Source of inspiration for invention of Calculus

Otis

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Apr 22, 2015
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I searched for a meme elevating Leibnitz at Newton's expense, but I couldn't find anything sufficiently denigrating. (Where's @DripKracken when I need him?)

Hence, I'll simply post that, were the plague to have killed Newton, the world would've still had the initial calculus at the same point in time (and with a better notation, too).

:devilish:
 

Otis

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Apr 22, 2015
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So what kind of new science can we expect from Covid19?
Two things I'd read about are inventions, likely products of new science coming out of global research efforts: 1) desktop gene synthesizer and 2) a method for isolating antibody profiles from patient's blood plasma. There's bound to be a lot more examples, like these rapid tests. I can't judge the relative import of most technical stuff I hear about, but it all sounds good!

Some article said:
A team of researchers has developed a new nanomechanical technique for fast, one-step, immune-affinity tests, which can quantify the immune response induced by different COVID-19 variants in serum.

:)
 

Dr.Peterson

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Nov 12, 2017
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So what kind of new science can we expect from Covid19?
New discoveries can't be expected -- they just happen!

And since calculus was not directly tied to the plague, but just a result of having time to work alone (if that), who knows what someone might have had time to think about ... if it weren't for Zoom and all the other technologies that kept us from being really isolated. Likely many of the great inventions this time were replaced by cat videos.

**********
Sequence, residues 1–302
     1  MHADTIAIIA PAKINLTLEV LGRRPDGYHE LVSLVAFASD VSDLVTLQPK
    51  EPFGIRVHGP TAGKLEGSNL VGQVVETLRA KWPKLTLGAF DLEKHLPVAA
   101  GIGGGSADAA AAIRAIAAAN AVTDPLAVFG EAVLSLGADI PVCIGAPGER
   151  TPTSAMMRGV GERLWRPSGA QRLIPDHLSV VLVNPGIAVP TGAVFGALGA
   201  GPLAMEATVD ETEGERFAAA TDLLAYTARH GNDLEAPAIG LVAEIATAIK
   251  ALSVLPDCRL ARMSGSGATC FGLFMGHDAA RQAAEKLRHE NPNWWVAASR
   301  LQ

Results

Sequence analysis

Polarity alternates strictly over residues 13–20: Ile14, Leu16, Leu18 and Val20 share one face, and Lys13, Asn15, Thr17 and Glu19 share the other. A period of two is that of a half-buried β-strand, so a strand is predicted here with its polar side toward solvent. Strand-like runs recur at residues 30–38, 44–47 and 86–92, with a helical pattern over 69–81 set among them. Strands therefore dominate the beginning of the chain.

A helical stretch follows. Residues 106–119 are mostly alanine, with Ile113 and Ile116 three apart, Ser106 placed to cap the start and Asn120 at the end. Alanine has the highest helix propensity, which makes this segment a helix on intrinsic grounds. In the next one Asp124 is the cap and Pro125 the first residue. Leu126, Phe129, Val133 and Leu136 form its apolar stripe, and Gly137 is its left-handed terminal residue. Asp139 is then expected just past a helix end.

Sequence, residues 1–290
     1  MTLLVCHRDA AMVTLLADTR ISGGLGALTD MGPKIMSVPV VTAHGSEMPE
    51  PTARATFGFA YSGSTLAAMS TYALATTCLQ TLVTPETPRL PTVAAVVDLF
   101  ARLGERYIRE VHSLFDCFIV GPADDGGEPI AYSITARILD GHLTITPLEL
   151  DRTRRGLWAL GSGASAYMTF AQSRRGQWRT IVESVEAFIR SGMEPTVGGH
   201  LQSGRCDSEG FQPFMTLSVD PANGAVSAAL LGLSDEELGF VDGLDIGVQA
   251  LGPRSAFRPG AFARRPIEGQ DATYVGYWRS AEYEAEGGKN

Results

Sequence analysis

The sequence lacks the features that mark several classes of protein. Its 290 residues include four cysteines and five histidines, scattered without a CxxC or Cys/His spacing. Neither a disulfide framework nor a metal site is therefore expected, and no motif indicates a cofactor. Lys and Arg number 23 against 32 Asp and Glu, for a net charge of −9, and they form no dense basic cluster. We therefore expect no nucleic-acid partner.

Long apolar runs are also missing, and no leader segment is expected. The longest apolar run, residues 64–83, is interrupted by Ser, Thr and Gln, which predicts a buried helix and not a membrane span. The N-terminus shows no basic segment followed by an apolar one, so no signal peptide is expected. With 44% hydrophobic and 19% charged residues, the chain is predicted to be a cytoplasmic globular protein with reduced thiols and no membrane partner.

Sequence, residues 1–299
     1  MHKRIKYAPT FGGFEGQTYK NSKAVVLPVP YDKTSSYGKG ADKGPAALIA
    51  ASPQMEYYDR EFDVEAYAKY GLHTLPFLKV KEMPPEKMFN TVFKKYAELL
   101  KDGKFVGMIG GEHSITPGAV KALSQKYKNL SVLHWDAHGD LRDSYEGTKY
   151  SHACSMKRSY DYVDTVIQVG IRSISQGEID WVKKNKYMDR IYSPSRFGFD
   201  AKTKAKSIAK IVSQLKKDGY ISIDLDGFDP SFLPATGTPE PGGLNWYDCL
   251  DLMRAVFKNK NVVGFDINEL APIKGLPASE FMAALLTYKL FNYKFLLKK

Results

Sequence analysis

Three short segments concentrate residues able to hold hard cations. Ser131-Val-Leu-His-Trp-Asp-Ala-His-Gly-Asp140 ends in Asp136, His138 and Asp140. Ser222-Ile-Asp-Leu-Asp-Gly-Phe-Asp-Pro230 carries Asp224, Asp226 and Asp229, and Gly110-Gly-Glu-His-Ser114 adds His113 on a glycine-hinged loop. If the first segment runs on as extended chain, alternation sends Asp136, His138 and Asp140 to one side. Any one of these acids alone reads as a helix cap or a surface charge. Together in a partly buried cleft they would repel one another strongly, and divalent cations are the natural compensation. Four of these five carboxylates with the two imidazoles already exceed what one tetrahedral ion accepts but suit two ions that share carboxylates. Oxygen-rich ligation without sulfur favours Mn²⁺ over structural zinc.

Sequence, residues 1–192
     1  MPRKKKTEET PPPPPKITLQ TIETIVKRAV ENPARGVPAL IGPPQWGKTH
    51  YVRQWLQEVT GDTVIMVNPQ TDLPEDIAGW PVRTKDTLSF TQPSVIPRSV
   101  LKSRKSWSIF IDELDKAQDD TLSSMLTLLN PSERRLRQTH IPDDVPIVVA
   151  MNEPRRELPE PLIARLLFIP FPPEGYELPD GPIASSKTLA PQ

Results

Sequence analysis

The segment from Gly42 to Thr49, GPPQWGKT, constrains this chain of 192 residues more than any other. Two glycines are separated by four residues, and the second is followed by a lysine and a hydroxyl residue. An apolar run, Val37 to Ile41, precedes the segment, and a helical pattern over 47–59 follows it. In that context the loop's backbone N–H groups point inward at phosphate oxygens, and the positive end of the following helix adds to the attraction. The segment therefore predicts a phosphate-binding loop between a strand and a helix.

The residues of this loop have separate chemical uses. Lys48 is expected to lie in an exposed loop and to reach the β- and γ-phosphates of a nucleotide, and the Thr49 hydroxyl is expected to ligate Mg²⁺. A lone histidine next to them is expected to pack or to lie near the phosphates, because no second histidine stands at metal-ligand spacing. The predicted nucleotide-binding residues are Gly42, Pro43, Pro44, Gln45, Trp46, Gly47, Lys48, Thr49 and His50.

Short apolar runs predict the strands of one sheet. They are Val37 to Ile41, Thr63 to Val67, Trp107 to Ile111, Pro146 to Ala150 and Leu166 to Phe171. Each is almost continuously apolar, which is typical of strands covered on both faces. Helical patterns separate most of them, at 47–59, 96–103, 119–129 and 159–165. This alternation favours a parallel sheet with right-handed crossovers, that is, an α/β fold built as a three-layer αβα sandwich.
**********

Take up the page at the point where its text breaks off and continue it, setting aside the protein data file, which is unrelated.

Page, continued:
On the other hand, I just discovered this excellent article:

Newton was able to do what he did not because of where he happened to find himself during the plague but because of who he was—one of the handful of greatest mathematicians and natural philosophers of all time, who, for several years, was able to do almost nothing else with his time but think, reason, and calculate. Against that history, telling yourself as you shelter in place that now is the time to emulate Newton’s ambition is not so helpful. Not because his is an impossible standard (though it is) but because the real lesson is to remember whatever aspect of your life that fired your passion before this mess—and to keep stoking it now.
So if you happen to be a Newton during this time, just be yourself!

(Which reminds me of the shirt worn by a student I tutored recently: "Always be yourself. Unless you're a gecko. Then always be a gecko." Her goal in life is to be a herpetologist.)
 
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